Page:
Launch Day: Welcome!

If you’re new to FreeThought Blogs, welcome!

If you’re new to Blue Collar Atheist, or to my writing, a double welcome!

Probably I should tell you something about me.

The Blogging Part

I’ve been at it for a bit, both as a blog reader and writer. I won the second-ever  Molly Award at PZ Myers’ Pharyngula (actually I was one of two people that month) for blog commentary, and was called a “master of metaphor” — along with less flattering names — along the way.

Fortunately or unfortunately, I usually write long. Whatever subject comes up, I want to explore it completely and explain it carefully, and the brief quip doesn’t work for me. What that means is that you probably won’t see the 5-posts-a-day that some bloggers manage (cough*PZMyersEdBrayton*cough), but I hope you’ll find worth reading the ones I do write.

For some of my characteristic posts, try these:
Kitten, Cat or Tiger – Part 1
Kitten, Cat or Tiger – Part 2
Kitten, Cat or Tiger – Part 3
Kitten, Cat or Tiger – Part 4

The Blue Collar Part

I grew up in Texas with rodeo cowboys, coon hunters and country folk, then moved to California in my 20s to  work with horses and mules in the mountains. I drove draft horses professionally for 8 years, and worked as a mule packer, wilderness horseback ride guide and occasional ranch hand. I have been kicked, stepped on, bucked off and even bitten by horses, but I’ve also ridden them for thousands of miles, so I think I have my shit-shoveling, cowboy boot bona fides and can stand toe-to-toe with any of the phony rustic-conservative plain speakers (cough*SarahPalin*cough) swanning around today.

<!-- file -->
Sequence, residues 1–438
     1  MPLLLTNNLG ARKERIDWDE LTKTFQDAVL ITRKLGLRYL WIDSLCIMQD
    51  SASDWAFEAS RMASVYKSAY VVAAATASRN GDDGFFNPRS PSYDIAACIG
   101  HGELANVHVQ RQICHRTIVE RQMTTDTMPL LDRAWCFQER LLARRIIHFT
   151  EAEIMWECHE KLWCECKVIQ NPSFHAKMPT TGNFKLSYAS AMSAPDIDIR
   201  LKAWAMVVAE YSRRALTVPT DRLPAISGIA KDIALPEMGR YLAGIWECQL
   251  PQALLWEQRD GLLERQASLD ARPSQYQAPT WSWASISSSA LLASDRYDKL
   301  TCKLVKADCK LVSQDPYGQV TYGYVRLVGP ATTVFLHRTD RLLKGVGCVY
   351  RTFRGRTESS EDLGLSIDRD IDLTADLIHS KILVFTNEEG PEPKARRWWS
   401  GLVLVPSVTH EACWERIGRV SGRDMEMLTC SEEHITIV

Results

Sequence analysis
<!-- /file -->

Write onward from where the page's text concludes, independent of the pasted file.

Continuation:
I was also a carpenter, truck driver, foreman of a roofing company, meat cutter and a bunch of other blue-collary things — but also, eventually, a writer, magazine editor and computer geek.

Some of that blue collar part will show up as earthy interjections in what I write, and yes, you will find the occasional F-bomb on your screen.

The Atheist Part

I grew up in a household with a Southern Baptist mom, a Jehovah’s Witness dad, and later a born-again Christian stepfather. At about the age of 13, I wrote in my journal that I didn’t believe in God. That entry was found and read by the Big People, and oh boy, things were never the same at home.

I predate the Internet, but was an early adopter. One of my early forays — after BBSing and AOLing — was in Yahoo Chat, where I was magnetically drawn to the Religion rooms. I was literally the only atheist there in the beginning, but as I started arguing with people, others eventually chimed in. From an initial atmosphere of “Jesus is my Savior!” and “Let me tell you about my personal relationship with Jesus Christ!” and “Would everyone please pray for Gladys Miller, whose Chihuahua has just contracted severe flatulence!”, the rooms gradually shifted as many of us discovered we could ask honest questions about religion, or actually say what we thought. Eventually it was a jolly free-for-all of debate and jokes, many at the expense of the more brainless and pretentious of the godders.

I fancy I invented the word “godder” there — a loose, convenient, half-joking umbrella term for religious people — but I could easily be wrong about that. (After all, I thought the same thing about “antitheist” — I still use my invented pronunciation, an-TITH-ee-ist, and define it as “Not only do I not believe in gods, but I don’t think you should either” — but later discovered I was nowhere near the first.)

I blogged on atheism and other subjects for a number of years, doing a lot of thinking-in-writing along the way, and eventually gathered up some of it into a book, “Red Neck, Blue Collar, Atheist: Simple Thoughts About Reason, Gods & Faith.”

The Living in the Real World Part

I really do this because there’s a bigger issue before us.